It is a truth universally acknowledged, that a person in possession of a good fortune, must be in want of a Space Marine. The trouble is that, lore-wise, Space Marines aren’t the only brutally violent and expansionist species in the Warhammer 40,000 universe. So while they’re the most popular army, they need enemies like the Tyranids and the Eldar out there in the marketplace. That way some other poor sod can buy them, build them, paint them up, and send them to their death against your Space Marines.

But what if everyone at the table got to play as Space Marines? Well, then GW would be able to sell a lot more Space Marines, and the good people of the world would be able to buy more Space Marines, and so on, and so forth, feeding forever into the grim, dark capitalist ouroboros that keeps the polystyrene forges lit in Nottingham.

More is more. That’s the concept behind The Horus Heresy, a game first released in 2012 and supported by more than 60 novels in the Black Library. A decade later, a reboot for GW’s sub-franchise is on the way. Polygon had a chance to check it out, and good news: It’s awesome.

The flagship product in Warhammer: The Horus Heresy is a lavish new boxed set called Age of Darkness. Inside, Space Marine fans get 52 multi-part plastic Space Marines, 42 of which are brand-new designs. Fans of the franchise will immediately recognize the “beakie” helms of their Mark 6 Corvus pattern power armor — a throwback to the original Rogue Trader: Warhammer 40,000 cover art released when the franchise was born in 1987.

A Spartan Heavy Assault tank in an Imperial Fist’s color scheme.

Image: Games Workshop via YouTube

The boxed set also contains the Age of Darkness Rulebook, as well as some necessary items like rulers and templates. But the cherry on top of this army are the support units, namely a giant tank and a big stompy robot. While thematically it’s all set up to make two small armies, Age of Darkness is also the equivalent of one medium-sized army. It’s pricey — $299, in fact — but it’s got everything you need to field a competitive force right out of the box. Games Workshop even threw in faction-agnostic datasheets for every unit so you can start building an army list right away. That’s right, spreadsheets aren’t just for space games, kids.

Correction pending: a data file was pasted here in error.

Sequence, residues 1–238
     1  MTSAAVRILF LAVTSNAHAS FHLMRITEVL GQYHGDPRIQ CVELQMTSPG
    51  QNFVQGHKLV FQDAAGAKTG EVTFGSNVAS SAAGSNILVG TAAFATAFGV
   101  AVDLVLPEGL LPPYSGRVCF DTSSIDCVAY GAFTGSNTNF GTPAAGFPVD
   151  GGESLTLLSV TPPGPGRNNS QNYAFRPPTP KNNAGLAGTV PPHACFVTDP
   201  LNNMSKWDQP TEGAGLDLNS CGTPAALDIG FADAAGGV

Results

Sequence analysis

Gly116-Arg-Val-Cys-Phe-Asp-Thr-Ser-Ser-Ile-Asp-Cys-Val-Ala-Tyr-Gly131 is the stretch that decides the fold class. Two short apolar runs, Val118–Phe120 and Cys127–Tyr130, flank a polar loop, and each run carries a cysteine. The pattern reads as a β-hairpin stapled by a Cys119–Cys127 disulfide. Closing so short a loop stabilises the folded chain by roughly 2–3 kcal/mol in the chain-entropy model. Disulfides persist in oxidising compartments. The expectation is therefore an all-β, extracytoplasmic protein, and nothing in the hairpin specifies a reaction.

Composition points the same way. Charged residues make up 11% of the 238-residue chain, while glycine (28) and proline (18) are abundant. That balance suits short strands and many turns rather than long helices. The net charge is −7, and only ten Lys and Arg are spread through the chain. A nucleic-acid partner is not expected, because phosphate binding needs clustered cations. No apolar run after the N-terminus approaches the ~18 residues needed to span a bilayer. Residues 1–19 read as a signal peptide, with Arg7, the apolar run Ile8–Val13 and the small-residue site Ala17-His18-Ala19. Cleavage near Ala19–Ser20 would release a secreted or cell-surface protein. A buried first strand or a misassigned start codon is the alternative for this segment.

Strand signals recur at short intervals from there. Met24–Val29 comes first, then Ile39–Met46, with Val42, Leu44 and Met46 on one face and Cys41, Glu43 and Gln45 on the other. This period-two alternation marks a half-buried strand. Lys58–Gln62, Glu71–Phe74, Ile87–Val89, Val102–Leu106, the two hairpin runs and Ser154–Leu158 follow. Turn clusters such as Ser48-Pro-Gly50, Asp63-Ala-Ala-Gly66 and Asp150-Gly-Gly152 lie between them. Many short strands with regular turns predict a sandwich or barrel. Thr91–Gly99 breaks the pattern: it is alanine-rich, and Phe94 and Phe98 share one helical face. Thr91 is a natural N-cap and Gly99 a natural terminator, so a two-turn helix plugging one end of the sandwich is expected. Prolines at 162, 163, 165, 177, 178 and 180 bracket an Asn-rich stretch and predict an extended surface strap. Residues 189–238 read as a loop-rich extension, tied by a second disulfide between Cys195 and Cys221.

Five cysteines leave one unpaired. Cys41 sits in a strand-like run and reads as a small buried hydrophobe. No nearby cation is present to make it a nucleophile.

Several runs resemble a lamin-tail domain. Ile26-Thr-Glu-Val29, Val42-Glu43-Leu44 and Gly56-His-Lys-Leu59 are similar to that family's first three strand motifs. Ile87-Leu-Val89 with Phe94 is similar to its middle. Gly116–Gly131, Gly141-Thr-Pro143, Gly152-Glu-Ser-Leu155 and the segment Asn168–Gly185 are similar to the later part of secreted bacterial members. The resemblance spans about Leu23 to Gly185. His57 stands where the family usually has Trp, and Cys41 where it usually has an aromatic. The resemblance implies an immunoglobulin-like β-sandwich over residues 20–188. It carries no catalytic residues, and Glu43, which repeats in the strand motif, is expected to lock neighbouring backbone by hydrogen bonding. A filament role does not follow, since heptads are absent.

A Contemptor pattern dreadnaught stands above the battlefield, painted a light green of the Sons of Horus.

Image: Games Workshop via YouTube

One of the features of The Horus Heresy that always put me off was the materials used to create the bulk of its miniatures — resin. Resin is more rugged than polystyrene, which is great for the durability of your finished miniatures. But it’s not the preference of most hobbyists. Resin miniatures have to be washed in soap and water before they can be assembled, and cleaning them — removing stray bits of flashing and the little nubbins left over from when they were manufactured — requires things like metal files and lots of patience. It also tends to make the miniatures themselves a bit more expensive.